Even more than the food, here is what made Fort Worth’s Paris Coffee Shop special

·3 min read

Although a column about the history of Paris Coffee Shop might be appropriate in light of Mike Smith’s recent passing, this story is about the man and the community he built around a “simple” breakfast and lunch venue.

Paris Coffee Shop is tied into the Smith family’s Greek ancestry and their work in food and restaurants. Shortly after he first arrived in the United States, Mike’s father, Gregory K. Smith (born Grigorios K. Acikis), got a job in a restaurant. In about 1926, that experience led to a position at downtown’s Bon-Ton Café, owned by Victor G. “Vic” Paris, a fellow Greek immigrant. Mr. Paris founded Paris Coffee Shop soon thereafter and sold it to Gregory Smith in 1930. Mike Smith took over management during the 1960s when his father’s health failed.

Nobody ever accused Paris of serving gourmet cuisine, but it was comfort food at its best. Under Mike, who relied on a hardworking and amazing staff, Paris turned out good, basic meals that were affordable enough to eat every day. Many people did just that, and it was easy to hear claims that the breakfasts and chicken-fried steak would hold their own in any competition. It doesn’t matter who you are, all were welcome at Paris.

My own “Paris” story revolves around a breakfast group which has met there for more than 30 years. It is informal – just whoever of the six or seven of us show up on the appointed morning. The ritual has seen us through good times and bad. Several of us had to perform work-schedule gymnastics to make sure we could be at Paris at the appointed day and time. It was that important to us.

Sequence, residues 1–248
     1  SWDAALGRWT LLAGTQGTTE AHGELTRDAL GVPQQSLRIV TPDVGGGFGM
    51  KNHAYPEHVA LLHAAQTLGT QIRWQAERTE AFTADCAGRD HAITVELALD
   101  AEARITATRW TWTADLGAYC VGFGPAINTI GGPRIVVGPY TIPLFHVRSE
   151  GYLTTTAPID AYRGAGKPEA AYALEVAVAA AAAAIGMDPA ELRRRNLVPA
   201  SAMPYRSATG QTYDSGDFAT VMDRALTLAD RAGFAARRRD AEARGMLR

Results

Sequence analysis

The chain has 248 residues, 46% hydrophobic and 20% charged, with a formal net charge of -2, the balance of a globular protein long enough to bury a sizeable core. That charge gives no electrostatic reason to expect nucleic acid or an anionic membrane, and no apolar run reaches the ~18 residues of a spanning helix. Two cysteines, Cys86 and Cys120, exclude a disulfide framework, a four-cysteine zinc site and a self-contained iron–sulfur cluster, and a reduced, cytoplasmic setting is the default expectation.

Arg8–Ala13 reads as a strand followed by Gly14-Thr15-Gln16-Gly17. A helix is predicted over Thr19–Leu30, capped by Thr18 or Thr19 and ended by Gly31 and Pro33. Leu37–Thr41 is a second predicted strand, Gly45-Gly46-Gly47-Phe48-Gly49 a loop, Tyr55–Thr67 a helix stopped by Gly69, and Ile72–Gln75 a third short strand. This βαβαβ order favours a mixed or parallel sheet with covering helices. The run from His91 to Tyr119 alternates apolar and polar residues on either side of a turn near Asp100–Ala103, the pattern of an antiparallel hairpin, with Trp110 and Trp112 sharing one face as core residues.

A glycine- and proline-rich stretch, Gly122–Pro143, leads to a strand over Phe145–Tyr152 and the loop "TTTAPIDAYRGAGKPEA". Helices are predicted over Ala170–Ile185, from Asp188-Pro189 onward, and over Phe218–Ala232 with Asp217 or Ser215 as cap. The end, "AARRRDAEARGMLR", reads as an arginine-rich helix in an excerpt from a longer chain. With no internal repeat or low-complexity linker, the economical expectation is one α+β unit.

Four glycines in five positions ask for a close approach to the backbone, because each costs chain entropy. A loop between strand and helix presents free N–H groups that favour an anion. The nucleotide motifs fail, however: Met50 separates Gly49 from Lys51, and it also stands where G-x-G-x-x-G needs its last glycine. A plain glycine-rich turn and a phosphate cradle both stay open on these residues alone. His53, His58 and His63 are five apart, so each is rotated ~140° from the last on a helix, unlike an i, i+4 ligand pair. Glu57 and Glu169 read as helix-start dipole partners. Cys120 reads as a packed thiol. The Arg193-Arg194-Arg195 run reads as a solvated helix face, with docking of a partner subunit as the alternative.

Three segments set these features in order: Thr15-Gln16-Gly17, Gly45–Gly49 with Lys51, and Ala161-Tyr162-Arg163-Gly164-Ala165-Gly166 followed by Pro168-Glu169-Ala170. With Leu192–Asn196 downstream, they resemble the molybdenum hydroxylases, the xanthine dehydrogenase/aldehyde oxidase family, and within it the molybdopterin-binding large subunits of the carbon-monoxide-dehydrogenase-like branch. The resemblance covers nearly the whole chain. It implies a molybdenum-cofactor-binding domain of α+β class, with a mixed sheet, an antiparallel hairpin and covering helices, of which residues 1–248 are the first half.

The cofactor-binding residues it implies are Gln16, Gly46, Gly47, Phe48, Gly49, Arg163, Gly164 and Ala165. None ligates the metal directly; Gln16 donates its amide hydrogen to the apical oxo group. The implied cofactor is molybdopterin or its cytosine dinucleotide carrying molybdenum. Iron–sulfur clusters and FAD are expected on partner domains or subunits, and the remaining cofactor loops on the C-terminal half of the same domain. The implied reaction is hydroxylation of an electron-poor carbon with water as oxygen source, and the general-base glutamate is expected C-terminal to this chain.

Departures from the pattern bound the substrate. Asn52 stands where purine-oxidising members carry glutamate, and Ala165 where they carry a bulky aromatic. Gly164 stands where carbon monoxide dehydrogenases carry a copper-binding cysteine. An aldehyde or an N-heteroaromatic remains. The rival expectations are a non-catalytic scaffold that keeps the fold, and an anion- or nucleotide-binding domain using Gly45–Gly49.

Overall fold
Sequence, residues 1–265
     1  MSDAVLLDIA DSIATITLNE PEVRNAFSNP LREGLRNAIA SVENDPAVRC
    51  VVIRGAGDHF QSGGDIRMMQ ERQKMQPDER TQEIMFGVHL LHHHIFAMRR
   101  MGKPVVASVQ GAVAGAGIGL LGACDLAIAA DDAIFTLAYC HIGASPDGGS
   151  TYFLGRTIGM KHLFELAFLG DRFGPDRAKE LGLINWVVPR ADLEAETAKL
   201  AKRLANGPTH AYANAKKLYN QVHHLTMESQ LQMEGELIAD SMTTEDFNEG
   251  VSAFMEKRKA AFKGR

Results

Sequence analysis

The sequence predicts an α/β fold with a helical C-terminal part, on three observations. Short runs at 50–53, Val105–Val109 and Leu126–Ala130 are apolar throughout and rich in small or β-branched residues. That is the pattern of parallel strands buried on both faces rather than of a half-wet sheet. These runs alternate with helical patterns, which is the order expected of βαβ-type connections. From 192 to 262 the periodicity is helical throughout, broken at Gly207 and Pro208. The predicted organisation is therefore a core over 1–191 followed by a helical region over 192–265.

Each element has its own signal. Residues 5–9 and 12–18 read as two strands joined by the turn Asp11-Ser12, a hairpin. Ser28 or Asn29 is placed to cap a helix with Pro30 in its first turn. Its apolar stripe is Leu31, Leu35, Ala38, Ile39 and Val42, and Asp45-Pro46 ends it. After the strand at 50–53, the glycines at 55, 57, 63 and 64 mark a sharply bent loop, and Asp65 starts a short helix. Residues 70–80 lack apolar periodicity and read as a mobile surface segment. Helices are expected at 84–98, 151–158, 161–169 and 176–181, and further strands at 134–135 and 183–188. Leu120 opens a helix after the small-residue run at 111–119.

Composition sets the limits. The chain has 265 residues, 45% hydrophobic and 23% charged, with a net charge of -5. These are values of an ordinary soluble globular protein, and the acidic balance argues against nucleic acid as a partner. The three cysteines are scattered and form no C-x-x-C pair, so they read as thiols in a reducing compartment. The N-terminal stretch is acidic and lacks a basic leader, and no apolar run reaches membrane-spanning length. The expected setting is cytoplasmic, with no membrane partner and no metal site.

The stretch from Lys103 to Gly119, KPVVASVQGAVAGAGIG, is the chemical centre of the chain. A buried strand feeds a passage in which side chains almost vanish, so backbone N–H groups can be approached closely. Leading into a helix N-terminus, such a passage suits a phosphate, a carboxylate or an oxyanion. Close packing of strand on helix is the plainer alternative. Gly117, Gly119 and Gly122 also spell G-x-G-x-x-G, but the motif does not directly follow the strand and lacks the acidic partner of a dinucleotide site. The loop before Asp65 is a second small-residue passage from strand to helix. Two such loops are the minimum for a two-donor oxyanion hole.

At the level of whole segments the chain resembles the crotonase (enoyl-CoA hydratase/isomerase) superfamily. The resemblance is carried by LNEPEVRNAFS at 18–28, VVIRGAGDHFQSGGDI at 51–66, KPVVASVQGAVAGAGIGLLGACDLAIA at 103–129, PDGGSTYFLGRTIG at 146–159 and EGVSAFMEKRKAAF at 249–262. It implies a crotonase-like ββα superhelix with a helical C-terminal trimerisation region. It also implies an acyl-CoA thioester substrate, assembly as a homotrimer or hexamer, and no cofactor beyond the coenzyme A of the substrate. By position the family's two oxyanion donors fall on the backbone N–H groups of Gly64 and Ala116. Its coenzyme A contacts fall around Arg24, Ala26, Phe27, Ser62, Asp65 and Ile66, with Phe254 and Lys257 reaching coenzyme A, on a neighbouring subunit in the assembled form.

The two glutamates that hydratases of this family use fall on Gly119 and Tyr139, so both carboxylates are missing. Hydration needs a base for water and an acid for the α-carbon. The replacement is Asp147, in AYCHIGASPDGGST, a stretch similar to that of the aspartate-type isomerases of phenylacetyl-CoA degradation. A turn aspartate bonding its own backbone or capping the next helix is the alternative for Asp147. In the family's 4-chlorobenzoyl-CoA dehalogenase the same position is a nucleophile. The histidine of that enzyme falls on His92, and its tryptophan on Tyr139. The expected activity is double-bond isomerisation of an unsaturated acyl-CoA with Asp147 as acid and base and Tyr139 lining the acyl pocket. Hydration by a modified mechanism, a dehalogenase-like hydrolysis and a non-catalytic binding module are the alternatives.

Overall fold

Ours was not the only group that met regularly at Paris. Every meal, every day had its own sets of regulars. A group of men affiliated with St. Demetrios Greek Orthodox Church often crowded around one of the large round tables. They were an important part of Mike’s connection with the Greek community, and he talked about becoming a group regular once he retired. My guess is that one of them gave him the “Parking for Greeks only - all others will be towed” sign displayed behind the cash register.

Magnolia at Hemphill in 1951, showing both the original location of the Paris Coffee Shop and the former Safeway Store, where Mike Smith moved the restaurant about 1974.
Magnolia at Hemphill in 1951, showing both the original location of the Paris Coffee Shop and the former Safeway Store, where Mike Smith moved the restaurant about 1974.

Mike made running the restaurant look easy, although coaxing the aging building and machinery to cooperate did draw occasional sounds of muffled exasperation. One morning, he was out front greeting customers after climbing onto the roof to check the air conditioning.

At some point during our regular breakfasts, Mike would make the rounds greeting people as though he knew them all – whether he did or not. He’d dispense hugs, tell a story, and give an occasional quick back rub using what had to be the world’s strongest fingers. I credit making pie dough with building that finger strength!

One year, Mike outfitted our group with Paris Coffee Shop T-shirts, a table, chairs, coffee cups, and a big Watkins pepper container for our float in the Ryan Place Fourth of July parade. It was good advertising for him and great fun for us. Those memories and experiences are what make Paris so special for me. That Paris endures is a testament to both Mike and the new owners. He will be missed by many.

Carol Roark is an archivist, historian, and author with a special interest in architectural and photographic history who has written several books on Fort Worth history.

Our goal is to create a safe and engaging place for users to connect over interests and passions. In order to improve our community experience, we are temporarily suspending article commenting